In Syria, the local journalistic group Raqqa Is Being Slaughtered Silently reports dozens of civilians have been killed by U.S.-led bombing and artillery fire over the last few days amid the ongoing battle to seize control of the city of Raqqa from ISIS. Amnesty International has just released an in-depth investigation documenting how hundreds of civilians have been killed and injured since the offensive began in June to capture the ISIS stronghold. Survivors and witnesses told Amnesty International that they were trapped on “all sides” between ISIS militants, the U.S.-led coalition force’s aerial bombardment and Russia-backed Syrian government airstrikes. Amnesty is now calling on all warring parties to prioritize protecting civilians and granting them safe passage. We speak to Donatella Rovera, senior crisis response adviser at Amnesty International.
NERMEEN SHAIKH: In Syria, the local journalistic group Raqqa Is Being Slaughtered Silently reports dozens of civilians have been killed by U.S.-led bombing and artillery fire over the last few days in the ongoing battle to seize control of the city of Raqqa from ISIS. The group says as many as 32 civilians were killed amid bombing in one neighborhood alone. Among the victims were eight members of a family who had fled to Raqqa from earlier fighting in Palmyra. A local Syrian journalist with the outlet Sound and Picture reports, quote, “The city is devoid of doctors and the market is devoid of food. What food there was in our fridges has rotted because of the absence of electricity,” unquote.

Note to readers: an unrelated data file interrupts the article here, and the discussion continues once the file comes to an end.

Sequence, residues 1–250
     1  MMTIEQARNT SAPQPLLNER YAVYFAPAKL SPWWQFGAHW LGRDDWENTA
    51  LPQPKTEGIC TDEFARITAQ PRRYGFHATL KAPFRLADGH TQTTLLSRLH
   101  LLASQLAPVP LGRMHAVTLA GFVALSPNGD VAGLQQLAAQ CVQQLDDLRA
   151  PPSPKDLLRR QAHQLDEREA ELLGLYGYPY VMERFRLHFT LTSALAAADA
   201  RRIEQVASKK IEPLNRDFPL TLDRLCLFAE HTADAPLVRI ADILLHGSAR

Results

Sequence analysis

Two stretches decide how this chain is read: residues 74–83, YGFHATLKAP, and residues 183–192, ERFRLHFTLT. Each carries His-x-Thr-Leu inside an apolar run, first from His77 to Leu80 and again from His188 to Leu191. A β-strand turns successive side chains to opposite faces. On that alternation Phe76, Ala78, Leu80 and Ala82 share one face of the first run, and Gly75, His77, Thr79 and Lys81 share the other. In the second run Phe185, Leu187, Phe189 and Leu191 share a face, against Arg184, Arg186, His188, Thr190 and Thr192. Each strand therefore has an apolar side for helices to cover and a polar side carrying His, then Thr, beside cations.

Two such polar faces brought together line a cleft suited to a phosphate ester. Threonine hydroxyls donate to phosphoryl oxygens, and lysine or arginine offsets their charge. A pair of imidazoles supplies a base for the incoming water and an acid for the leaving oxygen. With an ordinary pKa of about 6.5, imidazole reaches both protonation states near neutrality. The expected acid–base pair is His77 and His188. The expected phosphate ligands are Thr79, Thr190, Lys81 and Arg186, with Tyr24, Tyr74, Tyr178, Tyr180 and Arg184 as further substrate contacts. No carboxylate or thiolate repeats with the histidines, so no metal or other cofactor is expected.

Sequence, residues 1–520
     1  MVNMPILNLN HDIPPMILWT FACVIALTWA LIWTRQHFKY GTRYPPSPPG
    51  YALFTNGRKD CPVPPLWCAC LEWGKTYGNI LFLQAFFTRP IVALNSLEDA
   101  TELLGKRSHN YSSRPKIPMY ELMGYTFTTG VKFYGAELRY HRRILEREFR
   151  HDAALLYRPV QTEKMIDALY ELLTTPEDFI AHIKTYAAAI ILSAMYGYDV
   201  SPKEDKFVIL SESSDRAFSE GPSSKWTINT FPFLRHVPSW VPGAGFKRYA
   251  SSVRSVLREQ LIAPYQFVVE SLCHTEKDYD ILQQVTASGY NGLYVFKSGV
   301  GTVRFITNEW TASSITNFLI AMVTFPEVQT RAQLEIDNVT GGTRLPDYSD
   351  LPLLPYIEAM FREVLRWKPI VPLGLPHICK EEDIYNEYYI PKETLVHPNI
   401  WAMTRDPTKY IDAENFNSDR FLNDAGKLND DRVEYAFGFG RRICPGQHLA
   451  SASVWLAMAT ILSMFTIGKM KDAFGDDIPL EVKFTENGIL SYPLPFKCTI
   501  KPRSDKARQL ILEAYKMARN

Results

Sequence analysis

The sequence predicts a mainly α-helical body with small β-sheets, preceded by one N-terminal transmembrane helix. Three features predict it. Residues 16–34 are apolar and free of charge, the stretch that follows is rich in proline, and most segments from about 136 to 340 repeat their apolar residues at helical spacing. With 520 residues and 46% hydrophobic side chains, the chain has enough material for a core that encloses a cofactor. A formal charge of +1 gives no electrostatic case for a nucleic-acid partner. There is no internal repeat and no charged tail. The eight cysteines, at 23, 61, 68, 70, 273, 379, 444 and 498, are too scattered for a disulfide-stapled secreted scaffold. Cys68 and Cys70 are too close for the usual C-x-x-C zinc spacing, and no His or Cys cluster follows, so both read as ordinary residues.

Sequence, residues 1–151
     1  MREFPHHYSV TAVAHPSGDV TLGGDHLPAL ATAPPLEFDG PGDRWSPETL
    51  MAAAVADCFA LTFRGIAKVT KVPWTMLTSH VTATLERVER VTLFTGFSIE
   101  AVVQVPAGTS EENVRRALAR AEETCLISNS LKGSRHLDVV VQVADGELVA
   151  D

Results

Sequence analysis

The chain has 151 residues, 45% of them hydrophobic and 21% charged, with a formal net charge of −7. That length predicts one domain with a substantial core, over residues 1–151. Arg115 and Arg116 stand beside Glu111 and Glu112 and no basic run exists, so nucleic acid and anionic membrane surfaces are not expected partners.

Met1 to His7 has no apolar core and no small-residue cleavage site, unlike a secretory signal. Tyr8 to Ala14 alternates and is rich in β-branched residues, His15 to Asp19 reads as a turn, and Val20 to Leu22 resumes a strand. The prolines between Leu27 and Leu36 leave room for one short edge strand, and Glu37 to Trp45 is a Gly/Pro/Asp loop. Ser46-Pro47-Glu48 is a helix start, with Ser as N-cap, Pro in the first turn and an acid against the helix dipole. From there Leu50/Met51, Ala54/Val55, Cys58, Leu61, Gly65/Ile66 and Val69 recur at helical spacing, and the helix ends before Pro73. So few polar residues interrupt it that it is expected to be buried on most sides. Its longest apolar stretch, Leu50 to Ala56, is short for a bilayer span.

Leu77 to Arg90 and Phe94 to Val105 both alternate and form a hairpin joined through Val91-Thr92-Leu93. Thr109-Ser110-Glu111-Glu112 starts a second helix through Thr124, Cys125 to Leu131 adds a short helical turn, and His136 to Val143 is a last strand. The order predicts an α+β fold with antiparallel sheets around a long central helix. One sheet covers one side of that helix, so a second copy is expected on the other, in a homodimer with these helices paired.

AMY GOODMAN: Amnesty International has just released an in-depth investigation documenting how hundreds of Raqqa civilians have been killed and injured since the offensive began in June to recapture the ISIS stronghold. Survivors and witnesses told Amnesty International they were trapped “on all sides” between ISIS militants, the U.S.-led coalition force’s ariel bombardment and Russia-backed Syrian government airstrikes. Amnesty is now calling on all warring parties to prioritize protecting civilians and granting them safe passage.